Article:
True Detective

About a quarter of the way into the premiere episode of HBO’s “True Detective”, Matthew McConaughey’s character, a detective named Rust Cohle, beings to wax poetic. Riding as the passenger in a prototypical detective sedan, Cohle stares glumly out the window and rambles on as his partner, Marty Hart, played by Woody Harrelson, listens in:

“Human consciousness is a tragic misstep in human evolution.”

For a series that I had highly anticipated, these ruminations on the human spirit nearly crippled my enjoyment of the scene, and of the show as a whole. McConaughey’s performance as Cohle has been widely praised, but it is my opinion that his performance teeters too closely to parody and at times distracts from the show. His angsty proclamations could almost be reproduced as an SNL-style comedy sketch about a hard boiled detective, one who sucks down cigarettes and furrows his brow at anyone in the immediate area who may be making the unfortunate decision to smile.

The show, fortunately, recovers. While not an original or transcendent episode of television, “True Detective” manages to overcome the ham-fisted sermons of Rust Cohle and delivers a capable first episode. The characters of Cohle and Hart, who both seem to fill the role of alcoholic and obsessive policemen, balance each other out slightly. Hart is the incredulous one, unable to understand the quantum physics of human psychology that Cohle is ever willing to dispense. They aren’t original, but they aren’t completely uninteresting.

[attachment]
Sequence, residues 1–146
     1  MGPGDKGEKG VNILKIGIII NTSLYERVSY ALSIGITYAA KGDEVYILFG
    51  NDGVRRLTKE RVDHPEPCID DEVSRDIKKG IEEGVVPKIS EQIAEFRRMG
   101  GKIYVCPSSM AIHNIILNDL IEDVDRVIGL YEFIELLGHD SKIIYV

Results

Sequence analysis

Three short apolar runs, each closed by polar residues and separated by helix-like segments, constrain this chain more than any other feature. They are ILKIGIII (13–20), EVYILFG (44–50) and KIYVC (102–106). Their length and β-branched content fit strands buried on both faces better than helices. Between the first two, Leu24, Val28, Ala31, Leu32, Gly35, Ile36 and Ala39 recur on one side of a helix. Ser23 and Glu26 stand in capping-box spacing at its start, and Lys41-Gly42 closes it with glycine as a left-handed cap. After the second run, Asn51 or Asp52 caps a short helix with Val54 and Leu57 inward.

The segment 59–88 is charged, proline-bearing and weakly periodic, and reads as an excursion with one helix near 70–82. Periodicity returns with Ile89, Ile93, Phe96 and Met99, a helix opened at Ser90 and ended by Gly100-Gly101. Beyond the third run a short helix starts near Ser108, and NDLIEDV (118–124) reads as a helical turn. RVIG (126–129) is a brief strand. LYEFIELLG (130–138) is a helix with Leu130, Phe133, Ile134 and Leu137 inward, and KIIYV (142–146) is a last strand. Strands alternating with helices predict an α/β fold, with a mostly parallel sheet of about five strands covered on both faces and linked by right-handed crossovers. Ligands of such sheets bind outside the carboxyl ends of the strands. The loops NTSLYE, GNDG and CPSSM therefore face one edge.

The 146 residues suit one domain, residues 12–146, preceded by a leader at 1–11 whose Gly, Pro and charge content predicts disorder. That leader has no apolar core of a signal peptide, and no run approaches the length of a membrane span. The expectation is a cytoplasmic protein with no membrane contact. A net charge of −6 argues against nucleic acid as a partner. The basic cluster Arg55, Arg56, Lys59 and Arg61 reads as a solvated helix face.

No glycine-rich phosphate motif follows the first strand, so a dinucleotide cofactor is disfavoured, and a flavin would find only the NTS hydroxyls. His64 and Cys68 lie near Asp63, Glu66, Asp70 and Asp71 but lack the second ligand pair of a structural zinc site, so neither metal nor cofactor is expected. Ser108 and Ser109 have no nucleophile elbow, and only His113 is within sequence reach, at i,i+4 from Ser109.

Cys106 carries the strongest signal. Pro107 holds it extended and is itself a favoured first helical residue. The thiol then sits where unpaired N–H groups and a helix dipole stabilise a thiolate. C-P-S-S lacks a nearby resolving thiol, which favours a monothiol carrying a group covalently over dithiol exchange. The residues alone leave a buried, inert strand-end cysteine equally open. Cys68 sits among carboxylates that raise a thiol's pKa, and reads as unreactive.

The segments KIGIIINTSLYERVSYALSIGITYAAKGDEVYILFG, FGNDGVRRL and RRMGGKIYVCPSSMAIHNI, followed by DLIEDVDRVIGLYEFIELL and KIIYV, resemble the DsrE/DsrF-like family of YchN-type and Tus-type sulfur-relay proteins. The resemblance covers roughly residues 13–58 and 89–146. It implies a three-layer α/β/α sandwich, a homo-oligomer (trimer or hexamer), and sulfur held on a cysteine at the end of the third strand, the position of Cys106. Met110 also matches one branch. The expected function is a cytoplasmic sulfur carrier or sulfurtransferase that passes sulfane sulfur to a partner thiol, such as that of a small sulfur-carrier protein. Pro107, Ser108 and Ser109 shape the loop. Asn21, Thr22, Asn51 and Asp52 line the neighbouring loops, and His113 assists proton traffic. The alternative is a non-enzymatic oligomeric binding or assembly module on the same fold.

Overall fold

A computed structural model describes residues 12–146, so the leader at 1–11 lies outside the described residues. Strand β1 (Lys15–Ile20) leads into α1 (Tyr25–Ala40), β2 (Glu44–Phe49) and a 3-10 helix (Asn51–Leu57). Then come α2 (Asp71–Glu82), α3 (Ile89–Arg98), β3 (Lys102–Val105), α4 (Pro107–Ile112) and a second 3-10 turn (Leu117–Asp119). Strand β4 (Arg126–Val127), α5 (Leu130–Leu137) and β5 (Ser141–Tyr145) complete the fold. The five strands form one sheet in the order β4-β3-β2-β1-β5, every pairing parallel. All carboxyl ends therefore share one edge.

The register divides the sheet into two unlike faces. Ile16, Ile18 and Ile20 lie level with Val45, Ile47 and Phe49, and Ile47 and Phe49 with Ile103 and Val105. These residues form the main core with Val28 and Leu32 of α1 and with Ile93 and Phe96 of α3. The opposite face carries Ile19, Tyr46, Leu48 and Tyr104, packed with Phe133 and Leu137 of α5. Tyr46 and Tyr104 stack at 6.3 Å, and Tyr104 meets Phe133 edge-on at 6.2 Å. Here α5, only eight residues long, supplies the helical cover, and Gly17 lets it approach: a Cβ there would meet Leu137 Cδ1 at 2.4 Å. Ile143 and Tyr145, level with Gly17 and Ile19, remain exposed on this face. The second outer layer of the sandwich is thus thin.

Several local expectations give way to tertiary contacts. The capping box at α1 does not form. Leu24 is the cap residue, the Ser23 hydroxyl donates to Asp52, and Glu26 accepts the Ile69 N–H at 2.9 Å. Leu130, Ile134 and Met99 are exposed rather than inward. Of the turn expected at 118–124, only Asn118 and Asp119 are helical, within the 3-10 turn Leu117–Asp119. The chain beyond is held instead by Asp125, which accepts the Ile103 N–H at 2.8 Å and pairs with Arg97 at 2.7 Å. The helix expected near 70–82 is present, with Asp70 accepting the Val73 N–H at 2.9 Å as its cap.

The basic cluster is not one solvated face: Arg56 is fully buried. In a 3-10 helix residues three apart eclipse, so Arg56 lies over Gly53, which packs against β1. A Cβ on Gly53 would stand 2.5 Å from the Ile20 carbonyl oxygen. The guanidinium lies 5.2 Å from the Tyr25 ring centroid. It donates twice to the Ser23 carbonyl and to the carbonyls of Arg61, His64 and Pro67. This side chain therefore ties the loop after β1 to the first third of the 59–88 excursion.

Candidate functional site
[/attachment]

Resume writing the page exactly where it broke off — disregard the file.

Television has been ruled by intensely serious drama for the past few years, and “True Detective” belongs firmly in that category. I’m not sure either character laughed once during the entire episode, but the number of prolonged stares certainly outnumbered the order of episodes in the season (eight). This is serious business, this show is here for examination. Much will be learned, many emotions will be suppressed.

That said, I do love detective stories. I love them even more when they are a finite commitment. HBO’s decision to make this series an anthology, with new characters and stories making up each season, is something that the television medium has been missing for a few decades. The era of “Lost”, with never ending seasons that struggle to maintain control of the story, are most likely a thing of the past (although they will surely return in the future). And the wonderful thing is that even if this show turns into a total disaster, I will gladly spend eight episodes watching that unfold. It’s a minor commitment. Viewers won’t have a chance to realize a disaster before the show renews.

“True Detective” didn’t blow me away, but it didn’t completely fail either. And that’s probably enough to keep the series alive and well on HBO.

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